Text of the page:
Arewa Voice

July 22, 2022

Insecurity: Sokoto’s notorious settlement defies demolition order

Insecurity: Sokoto’s notorious settlement defies demolition order

Atrocities continue months after Gov Tambuwal’s demolition directive

By Musa Na Allah Sokoto

RAYMOND village is an outlawed ghetto settlement on the outskirt of Sokoto metropolis adjacent to Giginya Military Barracks Dambuwa in Dange/Shuni Local Government Area of the state.

Named after the first soldier who built his home there over 20 years ago, the settlement has now become a source of concern to the state government and its residents because of the rising incidents of crimes committed there on a daily basis.

Hardly does a day pass without a major troubling incident that leads to serious security breach. Brimming with all manner of houses and illegal structures, Raymond Village more or less a sprawling shanty that has become a major threat to peace and security in the state following its near takeover by criminally-minded elements who use it as a safe haven for their ‘businesses’ without any form of interference by security agencies.

Sadly, successive governments in Sokoto State have found it almost impossible to tackle the growing menace that Raymond Village has thrown up, seemingly oblivious of the atrocities being perpetrated daily by criminal elements who inhabit the hideout. Consequently, the place has grown exponentially in size over time, bringing in the good, the bad and the ugly to the scene.

But what seems to sustain its existence appears to be its proximity to the army barracks, which clearly provides additional cover and credibility to its inhabitants notwithstanding the nature of their activities. For this singular reason, drug dealers, armed robbers, kidnappers and even bandits are reported to be hiding in one location or the other inside the burgeoning illegal settlement and engaging in one form of criminality or the other with a growing sense of comfort.

The strong suspicion that drug dealers abound in the settlement has made it a regular point of visit by officers and men of the National Drug Law Enforcement Agency, NDLEA, and other security agencies, though no serious action has been taken by any of them to deal with the sprawling illegal settlement and its occupants despite several visits.

It is reported that many top-ranking officials in uniforms use the settlement for storing illicit drugs in containers disguised as temporary accommodations, while armed robbers and kidnappers find the place a convenient hideout from public attention. They launch their nefarious operations from there and safely return to base without detection.

In fact, in 2002, suspected armed robbers reportedly took off from the village and killed two security guards at a petrol station in the state, cutting them into pieces for reasons yet to be ascertained till date.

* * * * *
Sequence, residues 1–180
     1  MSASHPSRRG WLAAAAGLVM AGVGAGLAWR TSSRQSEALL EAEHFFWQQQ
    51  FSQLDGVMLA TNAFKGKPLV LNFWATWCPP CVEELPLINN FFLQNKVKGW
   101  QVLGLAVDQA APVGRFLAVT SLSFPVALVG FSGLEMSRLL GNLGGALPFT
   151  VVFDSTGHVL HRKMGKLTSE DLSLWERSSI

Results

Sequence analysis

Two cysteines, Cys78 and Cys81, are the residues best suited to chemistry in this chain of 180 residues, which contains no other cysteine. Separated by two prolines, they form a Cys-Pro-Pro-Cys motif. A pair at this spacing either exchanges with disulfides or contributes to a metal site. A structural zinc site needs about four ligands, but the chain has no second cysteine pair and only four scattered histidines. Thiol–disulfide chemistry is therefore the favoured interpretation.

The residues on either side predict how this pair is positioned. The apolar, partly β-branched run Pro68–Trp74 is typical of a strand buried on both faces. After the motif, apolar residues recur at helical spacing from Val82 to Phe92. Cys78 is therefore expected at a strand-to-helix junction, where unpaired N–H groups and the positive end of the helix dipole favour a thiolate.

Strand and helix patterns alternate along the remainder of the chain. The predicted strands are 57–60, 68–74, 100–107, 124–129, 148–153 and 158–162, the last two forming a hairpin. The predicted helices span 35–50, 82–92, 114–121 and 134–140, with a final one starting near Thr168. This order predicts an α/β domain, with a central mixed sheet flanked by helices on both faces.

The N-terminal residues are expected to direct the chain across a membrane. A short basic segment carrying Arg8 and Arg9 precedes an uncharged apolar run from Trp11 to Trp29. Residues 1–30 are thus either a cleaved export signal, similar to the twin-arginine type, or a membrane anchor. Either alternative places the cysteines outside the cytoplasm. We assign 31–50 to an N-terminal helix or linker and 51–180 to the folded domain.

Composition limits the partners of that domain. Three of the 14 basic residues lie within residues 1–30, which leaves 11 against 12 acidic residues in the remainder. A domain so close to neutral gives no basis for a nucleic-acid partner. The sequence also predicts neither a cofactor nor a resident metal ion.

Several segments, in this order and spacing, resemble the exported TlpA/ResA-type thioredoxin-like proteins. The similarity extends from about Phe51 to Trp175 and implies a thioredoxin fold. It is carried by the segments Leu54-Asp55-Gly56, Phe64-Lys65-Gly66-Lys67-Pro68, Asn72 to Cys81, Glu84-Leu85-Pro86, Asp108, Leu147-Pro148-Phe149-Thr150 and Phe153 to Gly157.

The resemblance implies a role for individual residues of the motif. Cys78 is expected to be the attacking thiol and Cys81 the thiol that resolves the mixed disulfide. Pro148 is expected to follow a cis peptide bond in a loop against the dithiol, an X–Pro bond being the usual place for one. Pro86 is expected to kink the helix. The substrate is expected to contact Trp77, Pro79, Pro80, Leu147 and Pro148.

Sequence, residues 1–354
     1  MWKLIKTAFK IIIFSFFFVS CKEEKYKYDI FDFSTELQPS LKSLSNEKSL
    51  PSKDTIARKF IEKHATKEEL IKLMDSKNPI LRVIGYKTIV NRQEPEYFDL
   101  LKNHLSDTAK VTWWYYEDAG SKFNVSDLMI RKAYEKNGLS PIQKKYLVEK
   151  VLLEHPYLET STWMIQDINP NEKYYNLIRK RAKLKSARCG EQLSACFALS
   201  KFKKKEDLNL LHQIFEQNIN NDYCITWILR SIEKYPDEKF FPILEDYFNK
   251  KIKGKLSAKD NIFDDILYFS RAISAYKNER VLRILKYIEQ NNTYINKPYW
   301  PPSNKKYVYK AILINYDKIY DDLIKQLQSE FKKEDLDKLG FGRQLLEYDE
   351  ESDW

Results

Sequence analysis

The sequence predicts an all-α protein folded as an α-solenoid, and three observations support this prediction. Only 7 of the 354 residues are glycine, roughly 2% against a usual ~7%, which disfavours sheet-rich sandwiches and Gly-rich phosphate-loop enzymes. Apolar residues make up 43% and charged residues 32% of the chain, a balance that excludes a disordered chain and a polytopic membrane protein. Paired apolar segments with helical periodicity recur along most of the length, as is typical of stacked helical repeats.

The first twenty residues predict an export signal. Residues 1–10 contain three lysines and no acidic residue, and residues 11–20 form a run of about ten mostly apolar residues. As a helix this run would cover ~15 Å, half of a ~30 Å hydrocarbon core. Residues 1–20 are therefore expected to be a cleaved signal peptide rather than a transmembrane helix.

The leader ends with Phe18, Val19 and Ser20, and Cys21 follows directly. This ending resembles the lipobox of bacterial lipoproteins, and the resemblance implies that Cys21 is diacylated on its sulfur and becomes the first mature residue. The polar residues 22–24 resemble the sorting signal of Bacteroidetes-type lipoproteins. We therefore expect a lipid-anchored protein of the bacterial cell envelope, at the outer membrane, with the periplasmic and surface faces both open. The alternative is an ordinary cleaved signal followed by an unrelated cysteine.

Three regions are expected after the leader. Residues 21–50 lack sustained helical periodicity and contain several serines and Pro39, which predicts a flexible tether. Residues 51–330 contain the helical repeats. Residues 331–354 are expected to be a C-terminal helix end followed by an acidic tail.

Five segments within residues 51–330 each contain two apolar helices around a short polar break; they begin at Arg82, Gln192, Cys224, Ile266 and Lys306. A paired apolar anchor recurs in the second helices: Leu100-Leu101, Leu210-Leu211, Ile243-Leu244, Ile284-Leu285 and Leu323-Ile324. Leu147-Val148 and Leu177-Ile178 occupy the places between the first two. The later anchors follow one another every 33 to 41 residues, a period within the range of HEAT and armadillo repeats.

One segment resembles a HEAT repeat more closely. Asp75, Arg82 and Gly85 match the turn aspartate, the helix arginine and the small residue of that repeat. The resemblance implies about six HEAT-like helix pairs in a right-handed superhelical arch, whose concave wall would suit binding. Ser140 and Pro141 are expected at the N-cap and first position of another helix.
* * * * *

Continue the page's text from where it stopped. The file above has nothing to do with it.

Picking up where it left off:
Women of easy virtues, abandoned babies and evil-minded elements are found in large numbers in the same village. Recently one of the call girls in the village was spotted by passers-by sitting on an infant baby she had just delivered with intention to kill it. She was later arrested by the police.

Apparently concerned about the atrocities being carried out at the settlement, the Sokoto State Governor, Aminu Tambuwal, led members of the State Executive Council and security heads in the state on a visit to the settlement to ‘see things for themselves.

Based on what he saw, the governor ordered the immediate closure of the settlement and the arrest of those illegally residing and doing business there. Tambuwal also asked the police to commence 24-hour surveillance of the village and boldly announced that the illegal village would be demolished and the place used for a public utility like a hospital, mosque or school, a pronouncement that excited the residents of adjourning communities in the state.

As a mark of seriousness, the Ministry of Land and Urban Development began to survey and demarcate the village, giving hope that something concrete was about to happen to the slum. But till date, no serious action has yet taken place.

A visit to the village by Arewa Voice indicates increased illicit activities and a growing sense of apprehension by those living nearby. Many of them believe that cattle rustlers, kidnappers and other criminals who terrorise the state at will may be mixing up with people in the settlement.

Many of those contacted to speak on the situation of the settlement, declined to give their names for fear of being identified and dealt with by the elements residing there; but they pleaded with the state government to be firm in demolishing the ghetto for the sake of their security.

That the settlement is still standing today, many months after being ordered to be demolished by the governor, makes many to think that it is above demolition and being protected by some powerful forces.

Exit mobile version